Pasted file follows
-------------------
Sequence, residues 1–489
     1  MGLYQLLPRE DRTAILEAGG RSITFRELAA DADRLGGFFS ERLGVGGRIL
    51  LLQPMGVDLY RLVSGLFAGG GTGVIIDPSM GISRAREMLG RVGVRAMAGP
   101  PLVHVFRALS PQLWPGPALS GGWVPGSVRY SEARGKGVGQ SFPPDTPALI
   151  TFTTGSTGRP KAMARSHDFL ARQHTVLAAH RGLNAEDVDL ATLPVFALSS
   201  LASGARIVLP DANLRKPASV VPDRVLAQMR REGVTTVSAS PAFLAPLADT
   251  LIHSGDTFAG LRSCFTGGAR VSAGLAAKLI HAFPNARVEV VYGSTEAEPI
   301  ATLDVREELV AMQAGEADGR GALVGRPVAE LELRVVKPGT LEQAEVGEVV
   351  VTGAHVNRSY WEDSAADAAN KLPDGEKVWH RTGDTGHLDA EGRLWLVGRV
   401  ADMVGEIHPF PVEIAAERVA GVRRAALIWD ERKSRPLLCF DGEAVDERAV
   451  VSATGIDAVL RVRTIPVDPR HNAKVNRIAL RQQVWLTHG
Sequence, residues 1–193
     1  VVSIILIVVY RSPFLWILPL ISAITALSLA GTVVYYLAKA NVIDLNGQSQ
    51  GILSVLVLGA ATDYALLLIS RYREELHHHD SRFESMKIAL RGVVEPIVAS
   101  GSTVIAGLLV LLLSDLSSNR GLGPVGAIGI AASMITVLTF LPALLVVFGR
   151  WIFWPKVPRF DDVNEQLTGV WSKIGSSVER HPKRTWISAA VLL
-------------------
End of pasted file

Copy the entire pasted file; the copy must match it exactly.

Sequence, residues 1–489
     1  MGLYQLLPRE DRTAILEAGG RSITFRELAA DADRLGGFFS ERLGVGGRIL
    51  LLQPMGVDLY RLVSGLFAGG GTGVIIDPSM GISRAREMLG RVGVRAMAGP
   101  PLVHVFRALS PQLWPGPALS GGWVPGSVRY SEARGKGVGQ SFPPDTPALI
   151  TFTTGSTGRP KAMARSHDFL ARQHTVLAAH RGLNAEDVDL ATLPVFALSS
   201  LASGARIVLP DANLRKPASV VPDRVLAQMR REGVTTVSAS PAFLAPLADT
   251  LIHSGDTFAG LRSCFTGGAR VSAGLAAKLI HAFPNARVEV VYGSTEAEPI
   301  ATLDVREELV AMQAGEADGR GALVGRPVAE LELRVVKPGT LEQAEVGEVV
   351  VTGAHVNRSY WEDSAADAAN KLPDGEKVWH RTGDTGHLDA EGRLWLVGRV
   401  ADMVGEIHPF PVEIAAERVA GVRRAALIWD ERKSRPLLCF DGEAVDERAV
   451  VSATGIDAVL RVRTIPVDPR HNAKVNRIAL RQQVWLTHG
Sequence, residues 1–193
     1  VVSIILIVVY RSPFLWILPL ISAITALSLA GTVVYYLAKA NVIDLNGQSQ
    51  GILSVLVLGA ATDYALLLIS RYREELHHHD SRFESMKIAL RGVVEPIVAS
   101  GSTVIAGLLV LLLSDLSSNR GLGPVGAIGI AASMITVLTF LPALLVVFGR
   151  WIFWPKVPRF DDVNEQLTGV WSKIGSSVER HPKRTWISAA VLL